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Discussion in 'Flight Following' started by Ted DuPuis, Feb 5, 2019.
I thought this was a good video. It's written for big jets, but still has some useful points.
I have watched this series many times at three different airlines, during ground school. It is amazing how timeless this topic presentation is.
Interesting note was that it was found to be partially at fault for AA 587, which I think was a bit silly but there were some improvements.
This comment, plus this article that I found because I was curious about AA587, are what make this board invaluable for a newbie like me. Thanks.
I'll add that there's a whole series of these videos - they're all worth watching.
A close read of both the NTSB report, and a viewing of the video, shows that nothing Capt Vanderburgh advocates for would have led the FO in the AA accident to make multiple rapid stop-to-stop rudder movements (which was the actual root cause of the accident).
I agree fully. He even made some cautions in the video about overuse of the rudder. Apparently the criticism was because some pilots failed to understand you could overstress the aircraft with the rudder. Well, an A300 isn't exactly a Japanese car used in a drifting competition.
The NTSB report goes into a lot of detail about the FO’s history of overcontrolling the airplane, too.
The A300 fleet currently flies with a "Stop Rudder Inputs" warning light, thanks to that accident.
In my opinion one of the dumber mechanical "fixes" to a purely pilot-induced problem. Maybe they could have put in a "Stop making bad airmanship decisions" or "Stop crashing the airplane" light instead?
Selective reading on your part because the NTSB report brings to light a ton of controversy about the AAMP that existed even before the accident, such as this:
[In a May 27, 1997 memorandum], the company’s managing director of flight operations technical to the company’s chief pilot and vice president of flight [stated that he had] “grave concerns about some flawed aerodynamic theory and flying techniques that have been presented in the AAMP.” The memorandum also stated that it was wrong and “exceptionally dangerous.”
The Boeing chief test pilot said that he “vehemently disagreed” with [the AAMP's suggested] aggressive use of rudder at high AOAs.
The McDonnell Douglas chief test pilot expressed “serious concerns and disagreement” about the rudder theories presented in the AAMP.
In addition, the memorandum stated that American Airlines was conducting high AOA training in simulators that did not accurately replicate the behavior of the airplane and was “very likely” to provide a false sense of confidence to pilots.
Only some of numerous criticisms against the AAMP.
How do you figure I have "selective reading"? I didn't say there wasn't controversy about AAMP, I said (in the other thread) that it was in my opinion incorrectly and unfairly maligned. I'm quite familiar with the accident report and the A300 both.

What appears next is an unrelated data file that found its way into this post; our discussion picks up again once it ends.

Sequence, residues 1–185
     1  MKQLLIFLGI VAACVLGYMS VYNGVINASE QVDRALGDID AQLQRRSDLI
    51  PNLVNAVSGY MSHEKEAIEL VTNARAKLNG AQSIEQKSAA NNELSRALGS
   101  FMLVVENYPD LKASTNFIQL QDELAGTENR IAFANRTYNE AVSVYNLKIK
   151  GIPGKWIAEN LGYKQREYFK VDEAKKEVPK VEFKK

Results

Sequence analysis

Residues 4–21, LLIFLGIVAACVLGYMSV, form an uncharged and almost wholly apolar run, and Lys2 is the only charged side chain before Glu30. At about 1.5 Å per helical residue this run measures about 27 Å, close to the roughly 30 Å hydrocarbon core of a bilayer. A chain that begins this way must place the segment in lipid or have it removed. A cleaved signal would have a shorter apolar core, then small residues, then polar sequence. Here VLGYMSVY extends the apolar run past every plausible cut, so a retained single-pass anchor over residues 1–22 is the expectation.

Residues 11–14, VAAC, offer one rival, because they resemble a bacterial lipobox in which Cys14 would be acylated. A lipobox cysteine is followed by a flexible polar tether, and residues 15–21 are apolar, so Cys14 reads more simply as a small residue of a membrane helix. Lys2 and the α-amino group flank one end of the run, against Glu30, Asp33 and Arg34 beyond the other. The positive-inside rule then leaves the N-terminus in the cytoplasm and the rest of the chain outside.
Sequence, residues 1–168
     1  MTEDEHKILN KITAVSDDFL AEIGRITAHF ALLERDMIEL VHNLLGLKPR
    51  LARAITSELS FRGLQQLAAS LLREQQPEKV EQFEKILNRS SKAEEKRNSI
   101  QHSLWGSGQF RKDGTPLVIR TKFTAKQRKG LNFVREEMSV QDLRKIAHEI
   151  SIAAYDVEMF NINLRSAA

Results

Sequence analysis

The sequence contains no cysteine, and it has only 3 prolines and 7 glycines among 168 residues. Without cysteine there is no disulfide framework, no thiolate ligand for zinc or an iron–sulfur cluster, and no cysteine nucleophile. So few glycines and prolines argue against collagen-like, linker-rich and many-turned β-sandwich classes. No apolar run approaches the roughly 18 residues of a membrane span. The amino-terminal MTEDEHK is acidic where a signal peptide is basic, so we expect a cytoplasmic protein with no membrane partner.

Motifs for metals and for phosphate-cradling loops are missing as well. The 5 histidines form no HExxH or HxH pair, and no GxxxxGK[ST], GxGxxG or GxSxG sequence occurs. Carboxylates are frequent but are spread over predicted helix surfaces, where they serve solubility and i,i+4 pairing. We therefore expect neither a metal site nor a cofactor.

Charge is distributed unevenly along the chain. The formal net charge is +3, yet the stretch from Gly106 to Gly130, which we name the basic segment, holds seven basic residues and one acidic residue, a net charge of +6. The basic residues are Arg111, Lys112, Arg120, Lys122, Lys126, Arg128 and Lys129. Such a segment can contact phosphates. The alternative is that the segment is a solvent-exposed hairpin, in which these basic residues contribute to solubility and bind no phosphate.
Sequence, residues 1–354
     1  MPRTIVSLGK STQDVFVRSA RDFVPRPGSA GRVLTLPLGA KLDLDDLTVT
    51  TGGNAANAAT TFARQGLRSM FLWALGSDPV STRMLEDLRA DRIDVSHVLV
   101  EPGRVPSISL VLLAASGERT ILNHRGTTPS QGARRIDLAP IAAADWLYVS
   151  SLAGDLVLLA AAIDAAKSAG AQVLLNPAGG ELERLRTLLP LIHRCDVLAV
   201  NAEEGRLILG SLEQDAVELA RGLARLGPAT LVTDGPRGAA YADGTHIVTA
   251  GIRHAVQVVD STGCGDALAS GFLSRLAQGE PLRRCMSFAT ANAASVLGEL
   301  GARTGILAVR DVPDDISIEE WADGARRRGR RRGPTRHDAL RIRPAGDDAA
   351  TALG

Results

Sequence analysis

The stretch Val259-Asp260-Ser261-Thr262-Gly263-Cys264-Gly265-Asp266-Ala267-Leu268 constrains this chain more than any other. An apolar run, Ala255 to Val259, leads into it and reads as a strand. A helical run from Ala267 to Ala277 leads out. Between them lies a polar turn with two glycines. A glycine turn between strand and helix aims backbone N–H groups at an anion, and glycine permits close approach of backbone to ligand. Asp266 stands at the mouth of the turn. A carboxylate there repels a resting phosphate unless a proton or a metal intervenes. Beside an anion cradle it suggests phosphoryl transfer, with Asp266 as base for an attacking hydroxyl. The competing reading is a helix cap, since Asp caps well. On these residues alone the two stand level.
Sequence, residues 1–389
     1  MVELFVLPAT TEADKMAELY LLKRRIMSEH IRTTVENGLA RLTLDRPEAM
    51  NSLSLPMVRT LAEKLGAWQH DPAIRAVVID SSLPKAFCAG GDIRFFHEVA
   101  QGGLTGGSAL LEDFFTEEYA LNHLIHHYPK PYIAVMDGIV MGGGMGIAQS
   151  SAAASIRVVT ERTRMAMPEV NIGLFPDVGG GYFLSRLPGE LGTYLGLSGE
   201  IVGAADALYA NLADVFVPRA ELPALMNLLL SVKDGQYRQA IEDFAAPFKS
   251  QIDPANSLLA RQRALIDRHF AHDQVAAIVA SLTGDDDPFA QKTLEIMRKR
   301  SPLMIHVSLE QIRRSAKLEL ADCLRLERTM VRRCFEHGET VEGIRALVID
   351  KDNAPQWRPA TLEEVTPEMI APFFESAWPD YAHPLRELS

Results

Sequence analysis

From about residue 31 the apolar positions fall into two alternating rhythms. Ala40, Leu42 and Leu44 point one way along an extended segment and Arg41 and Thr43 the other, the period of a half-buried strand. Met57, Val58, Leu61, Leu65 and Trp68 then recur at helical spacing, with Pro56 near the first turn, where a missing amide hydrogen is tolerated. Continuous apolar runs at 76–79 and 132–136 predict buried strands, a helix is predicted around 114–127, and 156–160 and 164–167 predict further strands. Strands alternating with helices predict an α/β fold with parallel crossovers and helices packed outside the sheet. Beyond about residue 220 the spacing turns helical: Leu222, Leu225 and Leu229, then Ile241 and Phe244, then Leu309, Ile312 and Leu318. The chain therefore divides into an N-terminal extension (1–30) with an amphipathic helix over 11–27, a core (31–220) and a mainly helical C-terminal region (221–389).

None the less, none of those quotes has anything to do with linking anything advocated in the AAMP video to the actual rapid, multiple, stop-to-stop rudder inputs which were actually responsible for the failure of the vertical stabilizer. Vanderburgh doesn't advocate that at all, in any way whatsoever, despite the other criticisms.
Why are the criticisms incorrect and unfair?
Looking at a 38-minute segment in isolation, when it was part of an all-day groundschool combined with a booklet and simulator scenarios, and drawing conclusions, seems to be a "selective" application of evidence.
For some reason there are pilots that love to be a little over excited on the rudders.. I'm really not sure why. I've safetied for, and flow with, a fair amount of low-ish time GA pilots (75-200 hrs) and a handful of people love to be overzealous on their feet. I don't get it. Some flight regimes you need it (single engine multi, crab, slip, takeoff in a SE, etc.,) but you can feel some people go crazy with the rudder even when just initiating a small bank..
There's a misconception out there that below maneuvering speed you can't "break the plane" no matter what you do.. which, is just that, a misconception
Which makes you wonder... why did they keep doing what they were doing? When you have chief test pilots telling you something, it's generally smart to listen to them! Why any level headed person would think it's smart to cram the rudder stop to stop over and over again is beyond me
..and back on topic, thanks for posting these. I'm still watching that 717 video and sending it around to local pilots
A while ago we had a thread about what we wish we'd learned more about in PPL training.. topics included flying on instruments, buying your own fuel at a fuel dock, more about how the engine works, etc., but I firmly believe that PPL pilots need more experience flying the airplane at the limits of it's envelope. This whole "first indication of stall" is not realistic.. nor is the 10 minute "set up for a power off stall" either.. stalls / spins / LOC in real life don't occur after you've prepared for it for 5-10 minutes.. there needs to be more accurate and realistic training so that if and when you do have an LOC it is second nature on recovering it
We always did full stalls. The first indication is good to practice too since you’ll actually be flying that way, but the full stall gives you the practice with how the plane actually flies (and recovery) if you end up in that situation.
GA? Push, power, rudder, roll.